Git Merge


Now that our poster session at School of Computing’s 7th STePS is over, and reading week is coming to an end, it is back to studies and exams. We can all now say we have graduated from CS3216 batch of 2015!

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Unwinding the clock – Retrospective View of CS3216


Almost four months back when I signed up for CS3216: Software Development on Evolving Platforms, it only dawned on me that 140-odd applicants had signed up for a module with only 40+ positions when I saw the ranting posts on NUSWhispers. I confess that I knew very little about the module until I realise I had to sign up for one of the modules for the 8MC requirement in Computer Science, and this seemed to be the “fun” and “exciting” choice. I vividly remember how the person kicked a fuss on how the module was very exclusive and robbed many students of their opportunity to learn.

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Is enough really enough?

The past week have been more stressful for the team than the sum of all days before.

We launched Paperbaton on Saturday 31 Oct and with that a series of events took their turn to play. We saw our 100th sales in just two days and now we have materials for over 70 modules available on our marketplace. Above all, we got a “scolding” from Prof Ben Leong for the bad UI/UX design – despite the tremendous amount of effort we have put in to improve the UI/UX design from the original. My team and I will not forget the supposed grade we should have gotten for our final project – and strived to work hard through this week.

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When we hit November

Through the week our team persevered in gathering support for Paperbaton. In fact, Vicky worked hard to reach out to the various clubs and societies and amazingly we have a number of student clubs & societies who decided to join us and uploaded their materials (past year paper solutions) to Paperbaton – for FREE. We have now build materials for 30-over modules in just a little time span of one week, and we’re looking forward to more students selling their materials when we launch public tomorrow.

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Closed BETA Launch


After much discussion and hurling around, we are finally launching for a closed BETA this Saturday.

Though it sounds easy to “not having to code”, but I can assure you that that is not the case. My teammates who are pro-Python developers, frown upon the need to write some PHP code – and it was not easy because we have to fit into the WordPress API (and it can be very confusing) – on top of the API provided by themes and plugins. Now I understand how “WordPress Development” / Customization is actually an art form itself.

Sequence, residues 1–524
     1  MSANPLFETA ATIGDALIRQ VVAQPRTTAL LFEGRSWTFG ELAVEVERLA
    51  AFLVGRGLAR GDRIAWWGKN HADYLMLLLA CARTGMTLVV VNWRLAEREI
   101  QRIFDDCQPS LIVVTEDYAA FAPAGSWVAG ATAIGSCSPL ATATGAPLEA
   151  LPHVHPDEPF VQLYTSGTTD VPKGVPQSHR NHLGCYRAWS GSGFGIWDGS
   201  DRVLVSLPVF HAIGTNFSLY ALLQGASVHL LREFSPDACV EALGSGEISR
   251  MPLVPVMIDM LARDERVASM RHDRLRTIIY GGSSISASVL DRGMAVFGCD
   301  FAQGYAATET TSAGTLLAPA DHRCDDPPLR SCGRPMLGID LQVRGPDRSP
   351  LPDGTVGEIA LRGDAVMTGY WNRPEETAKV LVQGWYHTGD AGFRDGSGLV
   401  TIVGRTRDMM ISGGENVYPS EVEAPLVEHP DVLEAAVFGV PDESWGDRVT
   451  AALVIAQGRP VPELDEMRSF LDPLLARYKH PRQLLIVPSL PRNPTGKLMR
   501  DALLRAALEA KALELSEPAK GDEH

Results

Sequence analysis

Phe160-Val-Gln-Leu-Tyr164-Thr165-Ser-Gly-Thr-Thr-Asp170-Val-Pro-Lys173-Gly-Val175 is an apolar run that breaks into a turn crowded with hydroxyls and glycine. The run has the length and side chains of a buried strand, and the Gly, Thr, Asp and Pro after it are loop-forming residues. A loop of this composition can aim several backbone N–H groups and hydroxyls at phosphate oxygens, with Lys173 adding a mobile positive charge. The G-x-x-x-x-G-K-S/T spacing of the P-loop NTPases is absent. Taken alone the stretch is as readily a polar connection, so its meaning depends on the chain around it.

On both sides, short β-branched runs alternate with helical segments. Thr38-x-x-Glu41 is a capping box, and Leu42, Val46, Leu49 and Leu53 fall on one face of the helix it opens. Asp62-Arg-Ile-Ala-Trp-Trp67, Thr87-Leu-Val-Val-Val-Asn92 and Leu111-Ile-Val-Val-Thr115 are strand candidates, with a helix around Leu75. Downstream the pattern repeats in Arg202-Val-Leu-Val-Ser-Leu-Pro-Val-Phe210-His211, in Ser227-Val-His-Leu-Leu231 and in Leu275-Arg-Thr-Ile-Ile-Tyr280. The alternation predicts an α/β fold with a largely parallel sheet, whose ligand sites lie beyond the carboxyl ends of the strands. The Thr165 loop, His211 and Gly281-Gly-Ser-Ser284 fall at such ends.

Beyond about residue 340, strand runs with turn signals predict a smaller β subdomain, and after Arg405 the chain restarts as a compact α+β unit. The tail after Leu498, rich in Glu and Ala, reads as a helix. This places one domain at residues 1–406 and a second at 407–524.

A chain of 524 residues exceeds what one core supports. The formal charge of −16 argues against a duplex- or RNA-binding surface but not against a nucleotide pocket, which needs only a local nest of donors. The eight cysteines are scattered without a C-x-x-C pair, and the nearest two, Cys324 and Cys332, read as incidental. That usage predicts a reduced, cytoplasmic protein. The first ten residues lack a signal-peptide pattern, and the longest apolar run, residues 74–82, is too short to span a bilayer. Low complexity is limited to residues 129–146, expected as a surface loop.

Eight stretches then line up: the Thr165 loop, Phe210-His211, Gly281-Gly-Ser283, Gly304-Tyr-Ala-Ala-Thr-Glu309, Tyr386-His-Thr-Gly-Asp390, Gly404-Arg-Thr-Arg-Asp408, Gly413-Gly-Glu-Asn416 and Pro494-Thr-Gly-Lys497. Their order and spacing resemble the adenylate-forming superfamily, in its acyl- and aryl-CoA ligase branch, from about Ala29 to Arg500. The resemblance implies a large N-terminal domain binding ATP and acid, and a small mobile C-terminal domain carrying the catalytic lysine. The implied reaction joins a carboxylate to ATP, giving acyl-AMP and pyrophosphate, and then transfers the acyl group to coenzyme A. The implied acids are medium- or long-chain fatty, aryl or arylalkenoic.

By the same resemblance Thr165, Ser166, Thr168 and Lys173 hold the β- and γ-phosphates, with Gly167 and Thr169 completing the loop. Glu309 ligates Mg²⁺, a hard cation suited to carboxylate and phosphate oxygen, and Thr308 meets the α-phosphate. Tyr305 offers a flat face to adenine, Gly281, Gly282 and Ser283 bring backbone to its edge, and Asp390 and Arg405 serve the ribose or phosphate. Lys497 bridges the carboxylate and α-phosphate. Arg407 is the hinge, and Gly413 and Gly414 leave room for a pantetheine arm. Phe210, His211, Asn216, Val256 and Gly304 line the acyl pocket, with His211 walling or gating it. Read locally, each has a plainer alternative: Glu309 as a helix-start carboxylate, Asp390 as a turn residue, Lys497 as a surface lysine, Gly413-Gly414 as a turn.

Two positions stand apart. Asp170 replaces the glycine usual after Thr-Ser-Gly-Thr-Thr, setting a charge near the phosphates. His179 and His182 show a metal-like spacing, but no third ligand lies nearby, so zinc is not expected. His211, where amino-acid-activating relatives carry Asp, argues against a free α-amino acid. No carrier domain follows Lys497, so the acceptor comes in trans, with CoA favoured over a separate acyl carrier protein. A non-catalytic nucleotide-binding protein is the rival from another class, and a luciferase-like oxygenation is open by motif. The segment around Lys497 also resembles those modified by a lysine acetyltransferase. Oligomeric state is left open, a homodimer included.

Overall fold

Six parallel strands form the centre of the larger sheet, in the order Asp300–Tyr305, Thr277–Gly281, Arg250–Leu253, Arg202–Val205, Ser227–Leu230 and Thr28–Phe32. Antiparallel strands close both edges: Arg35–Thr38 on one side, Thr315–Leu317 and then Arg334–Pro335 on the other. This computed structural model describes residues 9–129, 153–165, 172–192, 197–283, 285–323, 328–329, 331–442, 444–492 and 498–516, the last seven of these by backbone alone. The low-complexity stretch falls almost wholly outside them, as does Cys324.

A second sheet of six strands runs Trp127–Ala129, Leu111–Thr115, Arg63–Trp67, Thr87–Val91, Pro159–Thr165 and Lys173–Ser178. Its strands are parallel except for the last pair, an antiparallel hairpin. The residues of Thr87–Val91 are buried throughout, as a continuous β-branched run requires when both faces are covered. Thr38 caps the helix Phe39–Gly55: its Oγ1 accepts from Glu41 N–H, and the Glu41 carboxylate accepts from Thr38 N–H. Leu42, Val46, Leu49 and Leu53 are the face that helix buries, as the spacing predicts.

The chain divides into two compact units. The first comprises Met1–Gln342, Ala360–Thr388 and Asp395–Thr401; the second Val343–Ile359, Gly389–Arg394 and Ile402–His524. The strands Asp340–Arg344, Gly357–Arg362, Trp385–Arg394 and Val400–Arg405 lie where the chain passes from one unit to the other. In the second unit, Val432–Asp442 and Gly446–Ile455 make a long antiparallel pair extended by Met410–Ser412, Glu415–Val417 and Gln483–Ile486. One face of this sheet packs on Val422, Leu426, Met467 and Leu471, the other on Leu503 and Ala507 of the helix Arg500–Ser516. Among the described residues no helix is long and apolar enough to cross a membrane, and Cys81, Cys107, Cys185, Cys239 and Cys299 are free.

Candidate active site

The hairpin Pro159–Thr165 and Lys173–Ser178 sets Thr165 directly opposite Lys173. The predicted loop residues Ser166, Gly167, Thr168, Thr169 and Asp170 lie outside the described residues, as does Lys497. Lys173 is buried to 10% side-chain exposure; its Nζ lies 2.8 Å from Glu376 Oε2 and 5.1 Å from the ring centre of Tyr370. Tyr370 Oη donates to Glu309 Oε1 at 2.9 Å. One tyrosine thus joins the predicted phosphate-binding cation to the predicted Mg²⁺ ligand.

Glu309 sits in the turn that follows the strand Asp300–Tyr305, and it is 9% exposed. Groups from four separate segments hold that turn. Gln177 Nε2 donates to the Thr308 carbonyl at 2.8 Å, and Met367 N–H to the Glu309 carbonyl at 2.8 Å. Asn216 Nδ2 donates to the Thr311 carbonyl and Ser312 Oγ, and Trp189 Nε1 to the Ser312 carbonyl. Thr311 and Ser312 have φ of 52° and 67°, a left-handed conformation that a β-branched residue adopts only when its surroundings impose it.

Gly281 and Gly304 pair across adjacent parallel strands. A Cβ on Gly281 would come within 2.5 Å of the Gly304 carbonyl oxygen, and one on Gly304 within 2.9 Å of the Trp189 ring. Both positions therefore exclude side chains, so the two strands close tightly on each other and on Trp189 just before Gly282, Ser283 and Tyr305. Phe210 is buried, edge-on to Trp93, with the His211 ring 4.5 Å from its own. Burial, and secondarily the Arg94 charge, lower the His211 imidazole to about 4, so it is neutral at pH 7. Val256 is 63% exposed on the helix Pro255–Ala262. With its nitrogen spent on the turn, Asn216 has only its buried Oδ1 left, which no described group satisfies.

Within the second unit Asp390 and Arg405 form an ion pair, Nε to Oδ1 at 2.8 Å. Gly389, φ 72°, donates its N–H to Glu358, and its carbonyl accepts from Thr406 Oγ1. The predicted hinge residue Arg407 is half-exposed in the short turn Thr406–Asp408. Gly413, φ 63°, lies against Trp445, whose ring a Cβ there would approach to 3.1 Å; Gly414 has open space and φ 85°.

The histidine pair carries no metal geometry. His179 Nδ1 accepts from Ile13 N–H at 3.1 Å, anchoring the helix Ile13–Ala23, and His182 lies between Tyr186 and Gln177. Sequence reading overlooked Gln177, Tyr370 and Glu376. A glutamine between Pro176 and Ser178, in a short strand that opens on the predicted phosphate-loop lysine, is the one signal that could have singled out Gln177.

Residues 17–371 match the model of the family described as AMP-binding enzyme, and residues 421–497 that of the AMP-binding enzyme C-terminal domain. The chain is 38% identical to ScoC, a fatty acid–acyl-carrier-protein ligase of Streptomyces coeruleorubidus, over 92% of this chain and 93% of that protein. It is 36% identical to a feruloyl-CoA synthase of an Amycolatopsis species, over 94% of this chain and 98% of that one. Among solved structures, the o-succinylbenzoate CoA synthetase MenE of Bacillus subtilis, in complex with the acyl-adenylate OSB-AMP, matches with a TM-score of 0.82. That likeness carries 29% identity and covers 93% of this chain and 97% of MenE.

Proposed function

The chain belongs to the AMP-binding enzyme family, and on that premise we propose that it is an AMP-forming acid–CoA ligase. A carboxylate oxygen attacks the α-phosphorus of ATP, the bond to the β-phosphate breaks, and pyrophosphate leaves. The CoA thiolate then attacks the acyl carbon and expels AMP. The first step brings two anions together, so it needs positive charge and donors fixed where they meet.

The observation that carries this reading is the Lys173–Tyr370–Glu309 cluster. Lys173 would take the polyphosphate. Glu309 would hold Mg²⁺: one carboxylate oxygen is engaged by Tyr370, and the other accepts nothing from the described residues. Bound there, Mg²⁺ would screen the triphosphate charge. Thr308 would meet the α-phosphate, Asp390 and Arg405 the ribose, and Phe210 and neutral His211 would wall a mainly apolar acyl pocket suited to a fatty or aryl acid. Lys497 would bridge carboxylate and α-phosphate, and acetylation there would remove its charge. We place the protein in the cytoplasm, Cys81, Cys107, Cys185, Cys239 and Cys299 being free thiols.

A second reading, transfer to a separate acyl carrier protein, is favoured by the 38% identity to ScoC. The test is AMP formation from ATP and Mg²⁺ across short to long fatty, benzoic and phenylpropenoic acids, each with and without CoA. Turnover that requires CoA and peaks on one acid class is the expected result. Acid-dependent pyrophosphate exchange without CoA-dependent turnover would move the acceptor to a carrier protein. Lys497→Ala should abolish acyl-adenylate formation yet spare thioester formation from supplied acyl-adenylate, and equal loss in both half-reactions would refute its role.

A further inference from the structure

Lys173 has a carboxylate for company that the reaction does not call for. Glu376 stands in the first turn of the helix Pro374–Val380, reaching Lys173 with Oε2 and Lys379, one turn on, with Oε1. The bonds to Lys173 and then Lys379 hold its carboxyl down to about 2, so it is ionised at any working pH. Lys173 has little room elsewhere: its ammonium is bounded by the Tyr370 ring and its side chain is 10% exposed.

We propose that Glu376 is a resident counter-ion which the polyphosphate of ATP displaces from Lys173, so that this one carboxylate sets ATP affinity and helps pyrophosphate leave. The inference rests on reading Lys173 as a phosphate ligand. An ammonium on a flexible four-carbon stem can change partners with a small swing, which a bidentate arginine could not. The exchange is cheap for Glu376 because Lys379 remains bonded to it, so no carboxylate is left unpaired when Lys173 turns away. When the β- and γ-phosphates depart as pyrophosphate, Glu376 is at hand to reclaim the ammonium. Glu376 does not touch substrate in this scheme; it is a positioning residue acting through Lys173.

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The Good, the Bad and the Ugly Prototypes

For the past week we have placed many things that we talked about into action. We scraped two ideas and one visual prototype (that was clickable on Invision already) after listening to feedback from various channels. Eventually after consultation today, we confirmed our project direction and felt that our project now is worth all the ideas and prototypes scraped.

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Problem Solving – through apps?

Hours before the start of our Monday session with GrabTaxi, our final project team – Vicky Zheng, Liu Yang, Huang Yue and I – sat down to brainstorm on alternative ideas. Our initial idea of building a travel planner drowned in further discovery of more similar apps along with the the untimely schedule of CS3216.

By STePS in Nov 2015, we would have released our travel itinerary planner too late to meet the demands of those who are travelling at the end of year holiday seasons. Besides, we figured that usage of the apps really depend on seasonal demands and would not be something usable on a daily basis – like how most of our social network and messaging apps are being used all the time. Furthermore, there must be some problems – which we could not identify, let alone solve – on the existing itinerary planners which cause local travel community not to use them.

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Coworking & Snowballing

Share on FBWorking on Orderlyst for the past two week, I think my team came to the realisation that even a small app idea can snowball into a large one very quickly. Even with minimal Facebook API usage and a simple RESTful API implemented for the application, some requirements can get very tedious to implement. For example, initially we thought of doing periodic refresh for the updating of data – but after some thoughts we decided to implement the feature using WebSockets API.

Orderlyst collates group orders for supper and takeaway. Say goodbye to messy order compilations and splitting bills is now easy as a pie.

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“Eh I got this great idea…”

Having sat through all the internal pitches from earlier, I got reminded of a typical process I would go through many times in a month. It always starts with “Eh I got this damn friggin great idea…”: When an idea comes to mind, I keep the habit of jotting it down on my Trello cards right next to my Kanban. However, overtime I will find the app idea is either not attractive or is something that most people would not use and eventually archive the card.

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